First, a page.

Chancellor Angela Merkel’s government has come under fierce criticism for its spiralling arms exports after new figures showed Germany on course to deliver record quantities of weapons and military hardware to the Gulf states despite grave doubts about their human rights records.
Federal government statistics showed that Mrs Merkel’s conservative-liberal coalition approved arms exports to the Gulf totalling €817m (£703m) in the first half of 2013. Last year, Germany exported €1.42bn of arms to the area – more than twice the figure for 2011.
The latest available statistics, covering exports in the six months to the end of June, suggest that last year’s surge in arms sales to the Gulf is set to be eclipsed this year. Qatar, a state criticised for human rights abuses, but which owns a 17 per cent stake in the German car giant Volkswagen, is earmarked to receive the bulk of shipments worth more than €635m.
“Angela Merkel shows absolutely no restraint regarding weapons exports,” complained Jan van Aken, a Left Party MP who campaigns against arms sales, “She behaves as if there had never been an Arab Spring. She is becoming the Arab despots’ favourite girlfriend,” he added. In its most recent annual report, Amnesty International lists cases of torture in Qatar and criticises its authoritarian government for showing a disregard for women’s rights and freedom of expression. Like neighbouring Saudi Arabia, Qatar sent tanks and soldiers to quash protests in Bahrain in the spring of 2011.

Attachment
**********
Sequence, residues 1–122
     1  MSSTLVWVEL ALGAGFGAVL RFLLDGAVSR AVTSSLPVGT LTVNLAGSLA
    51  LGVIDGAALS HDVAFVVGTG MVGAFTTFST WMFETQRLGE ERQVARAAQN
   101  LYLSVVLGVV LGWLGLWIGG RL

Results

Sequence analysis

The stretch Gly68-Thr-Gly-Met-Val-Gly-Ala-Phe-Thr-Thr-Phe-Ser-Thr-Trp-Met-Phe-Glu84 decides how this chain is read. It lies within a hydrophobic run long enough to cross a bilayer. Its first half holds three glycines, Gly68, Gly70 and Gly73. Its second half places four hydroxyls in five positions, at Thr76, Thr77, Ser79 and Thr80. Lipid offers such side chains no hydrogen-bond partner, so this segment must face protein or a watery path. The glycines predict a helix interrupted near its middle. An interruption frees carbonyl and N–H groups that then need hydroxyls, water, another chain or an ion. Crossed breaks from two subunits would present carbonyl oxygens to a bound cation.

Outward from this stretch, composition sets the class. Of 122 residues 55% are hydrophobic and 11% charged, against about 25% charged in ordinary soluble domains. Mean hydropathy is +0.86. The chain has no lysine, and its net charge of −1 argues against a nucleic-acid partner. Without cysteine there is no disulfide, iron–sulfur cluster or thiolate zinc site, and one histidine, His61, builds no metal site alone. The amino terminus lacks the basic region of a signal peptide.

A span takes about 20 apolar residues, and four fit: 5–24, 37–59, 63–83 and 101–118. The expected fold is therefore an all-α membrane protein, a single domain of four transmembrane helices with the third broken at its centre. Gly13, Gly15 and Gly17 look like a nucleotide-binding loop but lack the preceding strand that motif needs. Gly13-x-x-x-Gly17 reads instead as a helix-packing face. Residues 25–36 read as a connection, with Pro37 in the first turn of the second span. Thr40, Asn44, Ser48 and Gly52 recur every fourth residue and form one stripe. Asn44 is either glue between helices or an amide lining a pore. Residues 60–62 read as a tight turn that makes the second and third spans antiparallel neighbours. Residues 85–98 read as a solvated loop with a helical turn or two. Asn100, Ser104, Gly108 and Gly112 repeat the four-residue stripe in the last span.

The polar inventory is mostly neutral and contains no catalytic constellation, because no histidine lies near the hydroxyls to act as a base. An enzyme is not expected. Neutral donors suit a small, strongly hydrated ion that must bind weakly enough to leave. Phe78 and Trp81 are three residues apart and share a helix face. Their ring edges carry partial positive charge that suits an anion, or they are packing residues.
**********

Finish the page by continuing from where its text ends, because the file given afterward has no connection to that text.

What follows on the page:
According to latest government figures, Germany is set to deliver 62 Leopard 2 battle tanks and 24 self-propelled guns to Qatar in a deal estimated by the arms manufacturer Krauss-Maffei Wegmann to be worth a total of €1.9bn.
Germany supplies military hardware to a number of other Gulf state including Saudi Arabia, Bahrain, Kuwait, Oman and the United Arab Emirates. Last year the lion’s share went to Saudi Arabia which received €1.24bn of hardware including Leopard 2 battle tanks and “Boxer” armoured patrol cars, which critics say can be used to crush anti-government protests.
Earlier this year, Berlin faced criticism following disclosures that it had approved a €1.5bn deal to supply the Saudi navy with German-built fast patrol boats.
Mrs Merkel, who faces a general election in just over a month’s time, has justified her arms export policies by arguing that they stabilise a potentially volatile region and help in the fight against terror. But critics insist there is little evidence to support her claim. “Everything we criticise the Taliban for, we could also charge the Saudi royal family with,” said Mr van Aken. Other opponents point out that in Germany it is politically easier for Mrs Merkel to pursue foreign policy with arms exports than with troops.
However, the serious political unrest in Egypt has convinced Germany to put its arms exports to Cairo on hold. More than €13m of weapons sales were approved earlier this year, but the economics ministry has insisted that all decisions concerning export applications to Egypt had been postponed.